When Philando Castile was shot to death last July, many people expected the National Rifle Association to leap to the defense of Castile, who had a permit to carry the gun he was carrying. It’s what the NRA does, of course.
It issued a statement in the immediate aftermath of the Castile’s killing that was lukewarm at best.
Despite its promise to say more, that appears to be the last time the NRA weighed in on the shooting of Philando Castile, the Washington Post says. It asked the NRA why. It heard nothing back yesterday.
“It troubles me tremendously when I see a young man following the rules, doing what he’s supposed to be doing, and there’s still no accountability from a legal perspective,” Phillip Smith, who leads the National African American Gun Association, told the paper.
Slate’s Leon Neyfakh tried to get some sort of reaction from the NRA, too. Silence.
On its face, the Castile case would seem to have all the trappings of a cause célèbre for the NRA. The group’s most fiercely held belief is supposed to be that law-abiding citizens shouldn’t be burdened—let alone killed in cold blood—by repressive agents of the government just because they want to protect themselves and exercise their Second Amendment rights. Castile should be a martyr for the NRA, while Yanez—who reached for the holster of his service weapon as soon as Castile mentioned he was armed—should be its bogeyman.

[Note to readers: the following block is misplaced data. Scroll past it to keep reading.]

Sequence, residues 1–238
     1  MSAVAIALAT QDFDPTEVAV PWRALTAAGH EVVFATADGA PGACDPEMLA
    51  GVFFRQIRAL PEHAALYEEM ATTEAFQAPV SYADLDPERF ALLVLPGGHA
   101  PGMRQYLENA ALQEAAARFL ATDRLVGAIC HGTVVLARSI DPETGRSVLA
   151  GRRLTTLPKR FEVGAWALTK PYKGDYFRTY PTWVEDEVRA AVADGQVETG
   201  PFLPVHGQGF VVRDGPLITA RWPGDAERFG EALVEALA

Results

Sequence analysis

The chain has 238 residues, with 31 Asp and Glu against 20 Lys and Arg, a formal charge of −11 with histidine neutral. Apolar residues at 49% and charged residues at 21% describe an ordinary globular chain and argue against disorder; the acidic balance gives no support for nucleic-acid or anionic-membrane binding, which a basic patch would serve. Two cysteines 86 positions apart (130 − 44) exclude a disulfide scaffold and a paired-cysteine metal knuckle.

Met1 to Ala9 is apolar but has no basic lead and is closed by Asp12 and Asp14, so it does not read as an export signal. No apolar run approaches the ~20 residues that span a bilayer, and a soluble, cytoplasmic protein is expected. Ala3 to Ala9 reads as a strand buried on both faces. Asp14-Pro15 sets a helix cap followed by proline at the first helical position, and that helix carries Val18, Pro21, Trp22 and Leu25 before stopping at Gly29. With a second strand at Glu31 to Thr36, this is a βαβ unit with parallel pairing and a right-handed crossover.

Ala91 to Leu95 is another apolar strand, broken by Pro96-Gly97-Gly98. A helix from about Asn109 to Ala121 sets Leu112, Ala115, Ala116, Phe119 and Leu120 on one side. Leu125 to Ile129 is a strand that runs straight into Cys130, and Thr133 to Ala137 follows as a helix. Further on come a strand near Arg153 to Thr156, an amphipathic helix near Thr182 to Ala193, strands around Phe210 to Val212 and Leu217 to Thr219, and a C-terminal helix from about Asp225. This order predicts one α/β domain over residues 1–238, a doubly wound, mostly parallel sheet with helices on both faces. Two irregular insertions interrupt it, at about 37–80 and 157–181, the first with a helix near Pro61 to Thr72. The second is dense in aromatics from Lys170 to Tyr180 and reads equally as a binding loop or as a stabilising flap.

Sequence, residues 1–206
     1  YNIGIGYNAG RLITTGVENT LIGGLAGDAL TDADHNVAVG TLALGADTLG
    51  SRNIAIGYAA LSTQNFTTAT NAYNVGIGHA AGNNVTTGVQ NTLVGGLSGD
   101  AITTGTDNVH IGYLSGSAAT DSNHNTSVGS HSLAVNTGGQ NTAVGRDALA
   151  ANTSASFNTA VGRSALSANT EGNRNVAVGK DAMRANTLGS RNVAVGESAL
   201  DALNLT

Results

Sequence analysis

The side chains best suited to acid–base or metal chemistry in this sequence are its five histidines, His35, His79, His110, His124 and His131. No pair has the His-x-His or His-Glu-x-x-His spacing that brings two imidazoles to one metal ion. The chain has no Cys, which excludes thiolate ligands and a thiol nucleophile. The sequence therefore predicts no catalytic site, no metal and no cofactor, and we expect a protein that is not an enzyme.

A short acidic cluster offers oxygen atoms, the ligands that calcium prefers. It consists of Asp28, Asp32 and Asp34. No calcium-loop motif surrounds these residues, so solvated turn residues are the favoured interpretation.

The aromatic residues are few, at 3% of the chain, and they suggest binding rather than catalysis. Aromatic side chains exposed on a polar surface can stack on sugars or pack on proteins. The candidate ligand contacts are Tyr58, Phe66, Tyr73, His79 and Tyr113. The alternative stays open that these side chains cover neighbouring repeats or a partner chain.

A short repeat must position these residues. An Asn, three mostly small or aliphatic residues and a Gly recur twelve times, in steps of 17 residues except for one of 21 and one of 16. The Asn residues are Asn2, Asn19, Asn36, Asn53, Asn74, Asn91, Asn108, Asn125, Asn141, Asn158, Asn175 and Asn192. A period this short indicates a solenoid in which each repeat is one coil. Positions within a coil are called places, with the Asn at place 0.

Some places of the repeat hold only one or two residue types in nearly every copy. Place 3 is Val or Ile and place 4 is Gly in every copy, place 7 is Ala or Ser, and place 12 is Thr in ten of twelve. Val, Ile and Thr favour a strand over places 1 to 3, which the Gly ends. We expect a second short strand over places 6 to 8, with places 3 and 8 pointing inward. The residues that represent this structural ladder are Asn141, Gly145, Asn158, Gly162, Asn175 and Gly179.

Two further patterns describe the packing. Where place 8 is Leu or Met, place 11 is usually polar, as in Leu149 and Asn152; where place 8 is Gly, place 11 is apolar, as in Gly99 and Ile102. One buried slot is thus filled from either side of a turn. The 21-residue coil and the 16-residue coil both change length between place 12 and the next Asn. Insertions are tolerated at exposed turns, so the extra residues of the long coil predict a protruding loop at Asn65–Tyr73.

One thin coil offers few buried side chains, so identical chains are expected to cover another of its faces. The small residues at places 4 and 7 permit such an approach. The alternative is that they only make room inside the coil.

It feels banal to even say it out loud: If Castile had been white instead of black, the NRA would have been rallying behind him and his family since the moment of his death, and fundraising off his memory for the rest of time. Yes, it’s true that the organization is aligned with law enforcement in certain ways that partially explain its reluctance to get in the middle of a police shooting case. (For one thing, most of the NRA’s 5 million members, like most police officers across the country, are white and conservative.) It’s also true that, while many law enforcement leaders view the gun lobby’s most extreme policy goals—like concealed carry reciprocity—with serious unease, most rank and file cops do seem to believe that having more people around carrying legal guns would reduce, rather than increase, crime rates.
Why the silence from an organization that is almost never silent on the issue?
“Your political calculation, I think, at the NRA is: Okay, so we can come to the rhetorical aid of a moderately despised contingent of a minority that already doesn’t like us,” said Nicholas Johnson, a black gun owner and author of “Negroes and the Gun.” “What’s the upside?”
“We should all carry a gun now,” Smith told the Post. “We all have that right. We’re not going to let a rogue officer or a rogue legal decision sway us.”
Related: Philando Castile verdict: Covering a wounded St. Paul turns into a long night in jail (City Pages)